The first step to solving this problem is knowing quickly that it is indeed a Binomial Distribution problem.

Let’s read over the problem statement again.

- Does this scenario involve a fixed number of trials? Yes, 400 items
- Does the experiment produce only binary results? Yes, either a defective or nondefective item.
- Is the probability of success in each trial constant? Yes, 1.6% defect rate

The core characteristics of a Binomial experiment are present and we can move forward with determining the cumulative probability.

You shouldn’t expect to see a problem that would require such a long solution on the FE Exam, but the steps would be as follows:

- Identify the core data being given in the problem statement. We are told that there are
**400 items (n)**, each with an**expected failure rate of 1.6% (probability p = .016)**and we want to know**the probability of having no more than 2.5% defective items in our finite sample.** - With this data given, we can determine that our rate of a non-defective item would be 98.4% (q = 1 – p = .984) and that we want no more than 10 defective items (X = 400 x .025 = 10)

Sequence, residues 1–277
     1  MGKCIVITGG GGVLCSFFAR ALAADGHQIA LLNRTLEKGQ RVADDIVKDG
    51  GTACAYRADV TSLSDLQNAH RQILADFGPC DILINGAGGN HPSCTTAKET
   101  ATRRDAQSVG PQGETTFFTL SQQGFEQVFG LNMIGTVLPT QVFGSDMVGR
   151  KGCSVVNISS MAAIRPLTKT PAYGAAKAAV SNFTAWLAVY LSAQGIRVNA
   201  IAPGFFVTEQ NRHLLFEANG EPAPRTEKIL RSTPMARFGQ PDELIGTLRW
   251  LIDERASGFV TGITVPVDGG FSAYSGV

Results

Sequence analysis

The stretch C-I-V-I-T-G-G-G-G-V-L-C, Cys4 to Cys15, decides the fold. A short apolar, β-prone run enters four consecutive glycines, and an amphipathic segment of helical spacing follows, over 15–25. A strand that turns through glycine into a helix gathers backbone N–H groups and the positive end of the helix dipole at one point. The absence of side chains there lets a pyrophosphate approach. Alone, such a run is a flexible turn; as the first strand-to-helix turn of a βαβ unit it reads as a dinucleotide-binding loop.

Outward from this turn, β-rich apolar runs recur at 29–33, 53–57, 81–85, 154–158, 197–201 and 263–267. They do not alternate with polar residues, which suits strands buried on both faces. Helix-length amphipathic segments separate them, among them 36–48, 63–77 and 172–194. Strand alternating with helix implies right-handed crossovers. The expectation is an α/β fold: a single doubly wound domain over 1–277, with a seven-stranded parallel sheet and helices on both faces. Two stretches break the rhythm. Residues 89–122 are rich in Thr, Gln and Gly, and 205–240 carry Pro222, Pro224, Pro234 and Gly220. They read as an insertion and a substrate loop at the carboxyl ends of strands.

- From here, use the binomial probability formula provided to us by the NCEES for Binomial Distribution on page 66 of the NCEES FE Reference Handbook and solve for the probability that there would be no more than 10 defective items in this particular sample, P(X ≤ 10).
This would be a lenghty process, but you would do this one by one, using the binomial distribution formula to determine the probability for 0 defects, P(0), the probability for 1 defect, P(1), the probability for 2 defects, P(2) and so on up to 10 defects, P(10). Once you have the individual values, you would then add all those probabilities together to get the cumulative probability.